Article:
John Kennedy Prepares to Take Over the White House and Officially Thanks President Dwight D. Eisenhower For the Smooth and Successful Transition

John Kennedy's own retained copy and the only letter of JFK to Ike during the transition that we can find ever having reached the market.

“Let me express again my thanks to you for the efficacy you have made to ease the transition…I was happy to hear arrangements have been made to continue General Goodpaster. I shall make sure that that he is not detained as I know he is anxious to return to a troop command.”

...

Read More

John Kennedy Prepares to Take Over the White House and Officially Thanks President Dwight D. Eisenhower For the Smooth and Successful Transition

John Kennedy's own retained copy and the only letter of JFK to Ike during the transition that we can find ever having reached the market.

“Let me express again my thanks to you for the efficacy you have made to ease the transition…I was happy to hear arrangements have been made to continue General Goodpaster. I shall make sure that that he is not detained as I know he is anxious to return to a troop command.”

The transition from the Truman to Eisenhower administrations had not gone well, and when it was Eisenhower’s turn to hand over the keys to John F. Kennedy, he was determined that this one would proceed more smoothly. That was surprising in its own way, since 1960 saw a change not just of party but of generation, from the oldest President in history to the youngest. Never before had the transfer from one administration to another been as carefully or as cordially managed. Their first meeting, on December 6, 1960, was held in an atmosphere of informality, and the President and President-elect spent nearly three hours in a conference with some of Ike’s chief advisers present, covering not only procedural matters, but all the responsibilities of world leadership and the problems America would face in coming months. They specifically spoke about global flash points like Berlin, the Far East, and Cuba and discussed various world leaders. Much of the talk was about the structure of decision-making – especially on national security issues. Eisenhower told his friends that Kennedy had little understanding of the presidency. But on other matters, Kennedy had “tremendously impressed him;” he described him as “one of the ablest, brightest minds I’ve ever come across.” And Kennedy told his brother Bobby that he was struck by the sheer force of Eisenhower’s personality. He admitted that Ike was “better than I had thought.”

General Goodpaster served as Ike’s liaison officer to the Defense Department, and was expert in issues related to arms control and nuclear weaponry. JFK was so impressed with Goodpaster he wanted to keep him on after his inauguration to help the new administration in its transition. Goodpaster, however, had a field command waiting for him leading the 8th Division in Germany, and did not want to lose that opportunity. Eisenhower thought it best that he be allowed to leave with the rest of his administration on January 20, 1961, but Kennedy insisted that he would be hampered without Goodpaster. So Ike got Kennedy’s agreement that Goodpaster’s field command would be held for him, and his time remaining at the White House be limited to two months.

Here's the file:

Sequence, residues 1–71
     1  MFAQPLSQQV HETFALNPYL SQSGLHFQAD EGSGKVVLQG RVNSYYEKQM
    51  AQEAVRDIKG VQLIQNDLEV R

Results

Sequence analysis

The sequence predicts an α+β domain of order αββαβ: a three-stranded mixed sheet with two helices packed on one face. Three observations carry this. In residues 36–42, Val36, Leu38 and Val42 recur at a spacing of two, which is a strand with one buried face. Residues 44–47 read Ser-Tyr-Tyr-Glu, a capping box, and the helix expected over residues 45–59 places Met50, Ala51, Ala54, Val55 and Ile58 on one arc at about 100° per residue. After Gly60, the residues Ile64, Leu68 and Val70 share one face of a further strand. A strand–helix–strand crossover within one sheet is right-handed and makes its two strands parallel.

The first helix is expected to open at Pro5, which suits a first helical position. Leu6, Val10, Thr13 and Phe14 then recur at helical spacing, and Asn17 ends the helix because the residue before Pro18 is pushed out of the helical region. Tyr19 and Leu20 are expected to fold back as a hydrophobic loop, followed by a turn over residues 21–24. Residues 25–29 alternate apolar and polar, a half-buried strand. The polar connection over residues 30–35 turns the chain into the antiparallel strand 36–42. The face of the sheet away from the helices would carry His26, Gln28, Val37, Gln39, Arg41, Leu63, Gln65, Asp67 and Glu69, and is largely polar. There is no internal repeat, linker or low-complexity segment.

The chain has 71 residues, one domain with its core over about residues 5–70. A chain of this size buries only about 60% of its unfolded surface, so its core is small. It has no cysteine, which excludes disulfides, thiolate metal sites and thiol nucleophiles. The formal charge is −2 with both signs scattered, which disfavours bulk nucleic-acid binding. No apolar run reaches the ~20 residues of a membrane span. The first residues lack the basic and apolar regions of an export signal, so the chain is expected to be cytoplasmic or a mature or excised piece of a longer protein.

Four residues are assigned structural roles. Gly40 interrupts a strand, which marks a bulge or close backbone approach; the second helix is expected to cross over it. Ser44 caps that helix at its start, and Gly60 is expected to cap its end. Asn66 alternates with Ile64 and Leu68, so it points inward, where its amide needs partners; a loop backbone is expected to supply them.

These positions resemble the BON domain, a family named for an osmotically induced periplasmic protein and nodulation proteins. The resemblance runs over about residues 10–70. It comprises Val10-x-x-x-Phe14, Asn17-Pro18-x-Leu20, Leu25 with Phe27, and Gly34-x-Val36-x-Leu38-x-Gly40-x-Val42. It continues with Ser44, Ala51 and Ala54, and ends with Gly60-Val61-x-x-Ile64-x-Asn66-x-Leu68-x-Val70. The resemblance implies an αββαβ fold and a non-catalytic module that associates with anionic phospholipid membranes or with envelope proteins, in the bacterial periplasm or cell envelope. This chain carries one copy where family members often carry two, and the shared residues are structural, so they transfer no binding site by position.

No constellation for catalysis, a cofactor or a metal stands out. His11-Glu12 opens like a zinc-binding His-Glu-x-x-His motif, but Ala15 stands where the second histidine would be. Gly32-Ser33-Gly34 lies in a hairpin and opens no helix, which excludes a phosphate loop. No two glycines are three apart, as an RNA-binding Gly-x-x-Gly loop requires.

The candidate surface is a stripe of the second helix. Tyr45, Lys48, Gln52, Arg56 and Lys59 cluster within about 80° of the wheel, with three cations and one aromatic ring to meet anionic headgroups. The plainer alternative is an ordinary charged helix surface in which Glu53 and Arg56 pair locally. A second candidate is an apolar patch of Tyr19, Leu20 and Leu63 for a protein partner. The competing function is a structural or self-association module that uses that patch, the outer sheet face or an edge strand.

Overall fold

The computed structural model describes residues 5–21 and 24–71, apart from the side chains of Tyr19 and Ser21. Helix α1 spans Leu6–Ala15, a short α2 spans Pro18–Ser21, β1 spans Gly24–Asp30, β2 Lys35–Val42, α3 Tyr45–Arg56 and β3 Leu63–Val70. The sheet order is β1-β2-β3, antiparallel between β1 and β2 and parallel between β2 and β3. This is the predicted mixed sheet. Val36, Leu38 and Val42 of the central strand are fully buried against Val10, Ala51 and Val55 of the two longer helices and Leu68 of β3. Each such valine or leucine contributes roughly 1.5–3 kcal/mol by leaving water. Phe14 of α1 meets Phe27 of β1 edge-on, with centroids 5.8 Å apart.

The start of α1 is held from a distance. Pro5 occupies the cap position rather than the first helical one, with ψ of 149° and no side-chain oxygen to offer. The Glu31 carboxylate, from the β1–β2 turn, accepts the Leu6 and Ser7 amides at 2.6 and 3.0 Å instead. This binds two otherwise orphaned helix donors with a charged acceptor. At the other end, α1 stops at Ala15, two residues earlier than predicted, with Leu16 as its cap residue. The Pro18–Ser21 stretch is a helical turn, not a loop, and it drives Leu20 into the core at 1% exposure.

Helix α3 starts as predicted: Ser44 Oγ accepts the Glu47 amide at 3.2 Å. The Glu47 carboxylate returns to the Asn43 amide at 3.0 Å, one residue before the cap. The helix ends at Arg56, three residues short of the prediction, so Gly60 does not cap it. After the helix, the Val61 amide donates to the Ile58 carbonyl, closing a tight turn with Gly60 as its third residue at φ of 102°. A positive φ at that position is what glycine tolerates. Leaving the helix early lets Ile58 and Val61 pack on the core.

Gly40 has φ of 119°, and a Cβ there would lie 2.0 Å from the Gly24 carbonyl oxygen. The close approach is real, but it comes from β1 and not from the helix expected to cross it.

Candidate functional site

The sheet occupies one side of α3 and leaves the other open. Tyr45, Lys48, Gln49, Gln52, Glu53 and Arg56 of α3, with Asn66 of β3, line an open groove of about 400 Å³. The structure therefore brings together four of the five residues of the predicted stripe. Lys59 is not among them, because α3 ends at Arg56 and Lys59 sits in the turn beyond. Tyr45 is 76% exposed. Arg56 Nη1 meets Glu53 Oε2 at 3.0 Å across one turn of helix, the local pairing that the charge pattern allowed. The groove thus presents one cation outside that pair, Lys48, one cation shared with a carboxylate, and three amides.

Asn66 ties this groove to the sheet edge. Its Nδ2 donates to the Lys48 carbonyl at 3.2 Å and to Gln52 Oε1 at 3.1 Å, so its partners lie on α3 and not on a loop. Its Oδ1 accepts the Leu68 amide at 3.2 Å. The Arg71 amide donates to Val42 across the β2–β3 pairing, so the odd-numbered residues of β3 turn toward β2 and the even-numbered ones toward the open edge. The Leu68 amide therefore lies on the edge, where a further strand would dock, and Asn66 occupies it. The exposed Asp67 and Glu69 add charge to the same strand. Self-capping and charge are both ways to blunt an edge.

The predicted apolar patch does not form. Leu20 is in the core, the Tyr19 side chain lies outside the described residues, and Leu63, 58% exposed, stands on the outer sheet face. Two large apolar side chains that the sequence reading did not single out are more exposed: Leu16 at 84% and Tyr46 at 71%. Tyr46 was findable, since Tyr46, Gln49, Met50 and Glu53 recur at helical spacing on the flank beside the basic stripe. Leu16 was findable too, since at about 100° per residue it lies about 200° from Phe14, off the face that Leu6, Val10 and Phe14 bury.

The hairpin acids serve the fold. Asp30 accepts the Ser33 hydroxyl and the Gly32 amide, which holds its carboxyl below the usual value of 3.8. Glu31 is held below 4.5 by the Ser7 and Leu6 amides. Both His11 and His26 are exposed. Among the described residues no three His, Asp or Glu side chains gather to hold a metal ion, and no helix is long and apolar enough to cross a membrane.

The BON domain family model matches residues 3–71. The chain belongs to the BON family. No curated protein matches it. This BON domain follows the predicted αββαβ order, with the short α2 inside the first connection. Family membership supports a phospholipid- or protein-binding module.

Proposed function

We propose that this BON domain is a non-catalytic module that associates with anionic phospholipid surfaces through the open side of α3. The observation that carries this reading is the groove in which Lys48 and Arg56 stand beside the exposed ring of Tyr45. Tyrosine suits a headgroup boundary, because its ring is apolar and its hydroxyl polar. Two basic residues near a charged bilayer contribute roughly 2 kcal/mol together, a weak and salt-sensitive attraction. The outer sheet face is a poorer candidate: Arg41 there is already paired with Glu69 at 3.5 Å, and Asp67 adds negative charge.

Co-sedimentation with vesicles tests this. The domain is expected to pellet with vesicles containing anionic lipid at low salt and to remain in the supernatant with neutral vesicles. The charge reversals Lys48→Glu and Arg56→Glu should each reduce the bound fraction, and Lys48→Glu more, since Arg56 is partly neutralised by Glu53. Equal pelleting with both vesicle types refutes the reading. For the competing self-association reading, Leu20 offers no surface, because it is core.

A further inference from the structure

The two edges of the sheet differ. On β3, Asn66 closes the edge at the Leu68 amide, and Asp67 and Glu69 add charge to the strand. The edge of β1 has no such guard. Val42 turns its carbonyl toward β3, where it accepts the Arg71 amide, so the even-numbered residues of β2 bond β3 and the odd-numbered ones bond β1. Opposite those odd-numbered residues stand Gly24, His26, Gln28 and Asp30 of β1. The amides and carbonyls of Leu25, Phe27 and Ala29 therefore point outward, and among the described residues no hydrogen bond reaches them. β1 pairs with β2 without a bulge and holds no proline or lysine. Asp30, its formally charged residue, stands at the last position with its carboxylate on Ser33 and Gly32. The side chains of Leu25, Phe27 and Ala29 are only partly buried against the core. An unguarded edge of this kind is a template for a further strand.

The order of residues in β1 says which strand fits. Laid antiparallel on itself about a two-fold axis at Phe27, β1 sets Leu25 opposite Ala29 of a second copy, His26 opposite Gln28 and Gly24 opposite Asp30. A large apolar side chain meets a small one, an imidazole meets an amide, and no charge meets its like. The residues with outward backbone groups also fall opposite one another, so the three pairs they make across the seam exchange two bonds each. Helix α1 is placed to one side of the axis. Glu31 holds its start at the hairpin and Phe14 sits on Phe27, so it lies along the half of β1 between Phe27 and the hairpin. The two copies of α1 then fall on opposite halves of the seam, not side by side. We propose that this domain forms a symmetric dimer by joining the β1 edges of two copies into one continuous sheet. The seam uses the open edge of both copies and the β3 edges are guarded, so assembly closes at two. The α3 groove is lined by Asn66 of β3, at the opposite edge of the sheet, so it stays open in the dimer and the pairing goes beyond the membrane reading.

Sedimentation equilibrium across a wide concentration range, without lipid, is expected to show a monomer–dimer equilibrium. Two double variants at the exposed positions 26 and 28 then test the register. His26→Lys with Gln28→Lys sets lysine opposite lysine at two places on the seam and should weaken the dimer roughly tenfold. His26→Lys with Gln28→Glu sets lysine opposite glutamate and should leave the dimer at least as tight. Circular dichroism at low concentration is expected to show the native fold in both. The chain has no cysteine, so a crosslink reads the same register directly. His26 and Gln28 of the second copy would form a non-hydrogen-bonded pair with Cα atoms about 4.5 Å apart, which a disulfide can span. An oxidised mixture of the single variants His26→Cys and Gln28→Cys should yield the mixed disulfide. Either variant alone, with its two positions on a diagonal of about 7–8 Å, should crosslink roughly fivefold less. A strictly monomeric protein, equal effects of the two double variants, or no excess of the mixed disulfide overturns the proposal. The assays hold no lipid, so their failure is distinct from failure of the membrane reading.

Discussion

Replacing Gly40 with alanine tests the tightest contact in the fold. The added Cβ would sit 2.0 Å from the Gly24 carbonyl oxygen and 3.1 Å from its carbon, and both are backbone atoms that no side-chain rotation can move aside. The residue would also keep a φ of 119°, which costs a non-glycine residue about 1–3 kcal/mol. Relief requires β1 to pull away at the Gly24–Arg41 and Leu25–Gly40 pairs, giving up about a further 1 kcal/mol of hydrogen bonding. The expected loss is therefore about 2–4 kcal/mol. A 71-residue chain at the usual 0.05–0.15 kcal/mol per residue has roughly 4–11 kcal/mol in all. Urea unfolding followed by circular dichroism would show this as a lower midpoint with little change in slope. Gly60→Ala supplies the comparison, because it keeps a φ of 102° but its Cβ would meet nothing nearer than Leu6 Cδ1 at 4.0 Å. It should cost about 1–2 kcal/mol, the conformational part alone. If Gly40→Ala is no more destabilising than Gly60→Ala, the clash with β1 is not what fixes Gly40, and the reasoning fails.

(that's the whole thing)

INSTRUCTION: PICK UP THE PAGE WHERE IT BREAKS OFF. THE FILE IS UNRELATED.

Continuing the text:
The Eisenhower Archives shows Ike’s account of the December 6 meeting, and the retained copies of letters written by Ike to JFK on December 16 relating to General Andrew Goodpaster and December 19 offering Kennedy the use of his plane during the transition. JFK’s response, of which this is the draft, is also in the file.

Draft typed letter signed, with several corrections in his hand, on his United States Senate letterhead, Washington, December 21, 1960, to President Eisenhower, agreeing to Ike’s conditions on the retention of Goodpaster, and expressing gratitude to him for the ease of the transition. “Thank you for your very generous thought in regard to the use of the plane. Fortunately, I have been able to use the same plane that carried us through the fall and as I do not plan to travel very much between now and the 20th of January I believe it will serve us very satisfactorily.  I was happy to hear arrangements have been made to continue General Goodpaster. I shall make sure that that he is not detained as I know he is anxious to return to a troop command. I am grateful to you for both of your thoughts. Let me express again my thanks to you for the efficacy you have made to ease the transition. Mrs. Kennedy and I send our very warm wishes to you and Mrs. Eisenhower and the members of your family for Christmas.” He signed, quite uncharacteristically, “Cordially, Jack.”

On his first day in office, Kennedy made his gratitude official: “I am sure that your generous assistance has made this one of the most effective transitions in the history of our Republic.” As for Goodpaster, he stayed on for two months into the Kennedy era, after which he took his command in Europe.

This is the only letter of Kennedy to Eisenhower during the transition that we can find ever having reached the market.

Frame, Display, Preserve

Each frame is custom constructed, using only proper museum archival materials. This includes:The finest frames, tailored to match the document you have chosen. These can period style, antiqued, gilded, wood, etc. Fabric mats, including silk and satin, as well as museum mat board with hand painted bevels. Attachment of the document to the matting to ensure its protection. This "hinging" is done according to archival standards. Protective "glass," or Tru Vue Optium Acrylic glazing, which is shatter resistant, 99% UV protective, and anti-reflective. You benefit from our decades of experience in designing and creating beautiful, compelling, and protective framed historical documents.

Learn more about our Framing Services